Guho v. City of San Diego is also distinguishable in part on a similar basis. In Guho, the defendant notified the plaintiff that the amount of the judgment would be paid in full upon receipt of a satisfaction of judgment, which the plaintiff agreed to and did provide. As in Mathys, the court noted that plaintiff's appeal sought a reversal of the judgment and retrial at which the amount awarded the plaintiff might be less than the amount of the judgment. (124 Cal.App. at p. 683.) In dicta the court went on to question whether, "[i]f it be assumed that this appellant had the right to accept the amount paid and thereafter appeal from the judgment ...," plaintiff's voluntary filing of a satisfaction of judgment waived his appeal rights. (Id. at p. 684.) The Guho court opined that plaintiff "waived his right by accepting such payment upon condition that he satisfy the judgment and by executing and authorizing to be filed, a full and complete satisfaction thereof." (Ibid.)

Putting to one side the nature of the court's comments as dicta, the facts of this case are distinguishable because here, Heacock did not execute a [20 Cal. App. 4th 1672] satisfaction of judgment in exchange for payment. Rather she executed on the judgment and was required, by operation of statute (see Code Civ. Proc., § 724.010), to file an acknowledgment of satisfaction. Were the rule as argued by Sack-that a mere acknowledgment of satisfaction served to waive any appeal-it would completely eliminate that line of cases which allows an appeal where accepting benefits of the judgment is not inconsistent with arguing that the judgment should be increased. We accordingly conclude that Heacock's appeal as to Sack is proper.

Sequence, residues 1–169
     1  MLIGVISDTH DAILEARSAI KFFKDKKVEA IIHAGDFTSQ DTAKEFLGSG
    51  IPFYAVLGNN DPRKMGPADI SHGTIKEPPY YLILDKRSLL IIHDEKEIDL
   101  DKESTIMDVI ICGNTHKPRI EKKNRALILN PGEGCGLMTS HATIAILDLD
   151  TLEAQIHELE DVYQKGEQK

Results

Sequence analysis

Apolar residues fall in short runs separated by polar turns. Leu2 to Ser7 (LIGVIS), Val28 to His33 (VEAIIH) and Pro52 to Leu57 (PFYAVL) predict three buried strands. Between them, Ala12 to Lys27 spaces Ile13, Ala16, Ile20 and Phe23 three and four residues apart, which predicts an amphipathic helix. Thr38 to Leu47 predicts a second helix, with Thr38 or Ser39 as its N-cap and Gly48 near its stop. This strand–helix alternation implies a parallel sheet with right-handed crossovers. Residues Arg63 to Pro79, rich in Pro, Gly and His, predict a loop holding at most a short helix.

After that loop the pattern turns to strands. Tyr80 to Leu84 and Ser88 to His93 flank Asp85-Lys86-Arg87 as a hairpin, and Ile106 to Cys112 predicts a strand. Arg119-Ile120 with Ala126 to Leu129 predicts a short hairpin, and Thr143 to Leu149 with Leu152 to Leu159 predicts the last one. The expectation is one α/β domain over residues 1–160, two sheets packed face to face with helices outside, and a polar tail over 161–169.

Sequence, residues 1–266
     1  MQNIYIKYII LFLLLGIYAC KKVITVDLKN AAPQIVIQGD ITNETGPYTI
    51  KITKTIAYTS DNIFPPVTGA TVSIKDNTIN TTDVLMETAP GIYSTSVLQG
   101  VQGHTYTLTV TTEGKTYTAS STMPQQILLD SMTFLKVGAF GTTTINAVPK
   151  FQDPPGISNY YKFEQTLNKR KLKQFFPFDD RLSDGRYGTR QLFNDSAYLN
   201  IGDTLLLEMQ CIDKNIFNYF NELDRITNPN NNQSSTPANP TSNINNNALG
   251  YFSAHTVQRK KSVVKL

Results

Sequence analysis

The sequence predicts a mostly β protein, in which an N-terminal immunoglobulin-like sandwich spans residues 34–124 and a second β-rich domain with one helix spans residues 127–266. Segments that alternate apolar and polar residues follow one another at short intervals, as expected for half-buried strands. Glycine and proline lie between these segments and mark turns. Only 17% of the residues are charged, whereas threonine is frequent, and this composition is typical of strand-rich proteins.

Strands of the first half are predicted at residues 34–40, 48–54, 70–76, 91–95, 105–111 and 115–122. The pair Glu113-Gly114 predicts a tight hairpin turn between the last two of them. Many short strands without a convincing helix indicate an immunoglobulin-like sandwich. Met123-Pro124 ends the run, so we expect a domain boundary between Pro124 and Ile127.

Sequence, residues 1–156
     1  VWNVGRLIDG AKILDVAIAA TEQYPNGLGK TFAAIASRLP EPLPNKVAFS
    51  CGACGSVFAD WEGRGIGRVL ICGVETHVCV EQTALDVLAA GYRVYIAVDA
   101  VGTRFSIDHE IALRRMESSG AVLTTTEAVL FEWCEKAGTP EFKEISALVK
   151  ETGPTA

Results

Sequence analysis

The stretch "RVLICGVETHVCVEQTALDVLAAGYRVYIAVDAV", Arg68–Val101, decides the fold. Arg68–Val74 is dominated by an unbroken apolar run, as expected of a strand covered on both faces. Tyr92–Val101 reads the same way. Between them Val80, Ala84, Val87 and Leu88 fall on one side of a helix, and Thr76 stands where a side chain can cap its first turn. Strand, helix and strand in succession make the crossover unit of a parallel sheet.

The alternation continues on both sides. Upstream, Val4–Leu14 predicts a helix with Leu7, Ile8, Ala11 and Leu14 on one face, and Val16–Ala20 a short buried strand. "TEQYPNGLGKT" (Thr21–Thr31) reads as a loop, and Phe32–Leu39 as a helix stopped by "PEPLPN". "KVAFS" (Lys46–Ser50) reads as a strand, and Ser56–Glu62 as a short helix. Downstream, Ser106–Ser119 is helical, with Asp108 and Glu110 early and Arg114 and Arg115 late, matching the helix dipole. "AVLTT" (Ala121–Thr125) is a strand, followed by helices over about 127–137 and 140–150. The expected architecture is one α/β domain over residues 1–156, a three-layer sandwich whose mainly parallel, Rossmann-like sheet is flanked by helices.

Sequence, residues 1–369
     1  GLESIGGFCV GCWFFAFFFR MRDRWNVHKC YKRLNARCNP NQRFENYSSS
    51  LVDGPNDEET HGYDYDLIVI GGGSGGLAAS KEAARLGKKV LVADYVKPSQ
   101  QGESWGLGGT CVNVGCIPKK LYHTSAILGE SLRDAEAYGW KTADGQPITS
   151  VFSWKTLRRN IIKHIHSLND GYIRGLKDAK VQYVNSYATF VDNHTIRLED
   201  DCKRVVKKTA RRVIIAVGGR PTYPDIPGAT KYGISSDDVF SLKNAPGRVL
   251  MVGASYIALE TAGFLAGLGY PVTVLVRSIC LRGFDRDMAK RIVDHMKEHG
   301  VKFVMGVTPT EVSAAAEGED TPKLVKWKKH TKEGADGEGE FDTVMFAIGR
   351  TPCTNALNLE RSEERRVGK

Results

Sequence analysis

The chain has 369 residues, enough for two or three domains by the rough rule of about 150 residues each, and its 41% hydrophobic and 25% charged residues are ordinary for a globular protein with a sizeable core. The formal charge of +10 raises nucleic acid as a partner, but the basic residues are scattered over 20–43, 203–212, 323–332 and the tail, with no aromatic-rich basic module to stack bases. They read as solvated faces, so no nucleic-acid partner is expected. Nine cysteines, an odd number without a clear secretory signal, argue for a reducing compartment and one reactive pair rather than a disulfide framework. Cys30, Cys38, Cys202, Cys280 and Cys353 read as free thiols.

B. -E. fn. *** *


The judgment is affirmed as to liability and reversed as to damages. The parties will bear their respective costs for this appeal.

Work, J., and Froehlich, J., concurred.

Petitions for a rehearing were denied December 27, 1993, and the petition of defendants and appellants for review by the Supreme Court was denied March 17, 1994.

FN *. Pursuant to California Rules of Court, rules 976(b) and 976.1, this opinion is certified for publication with the exception of parts B, C, D and E of the Discussion.

FN †. Retired judge of the San Diego Superior Court sitting under assignment by the Chairperson of the Judicial Council.

FN 1. Sack admitted later adding a notation, "Demo-redeposit" to the check stub. Heacock argued this was an attempt to recharacterize the payments as something other than interest on the alleged loan. Sack testified that the notations were the result of Heacock's complaints that the unadorned checks seemed to reflect a loan for which she might be responsible.

FN 2. Heacock's counsel specifically inquired of the court how much time she would have to make the election whether to accept the remittitur or proceed with a new trial. The trial court responded, "You don't have an election. You're [sic] election is to appeal or not to appeal. That's it. It is not a new trial."

FN 3. In deciding whether the plaintiff's appeal is inconsistent with having accepted the benefits of the judgment, we focus solely on the relief sought by the plaintiff, not on arguments made by a cross-appealing defendant. Here, our later conclusion that a retrial is required on the amount of punitive damages is attributable not to Heacock's appeal but rather to Sack's cross-appeal.

FN *. See footnote, ante, page 1665.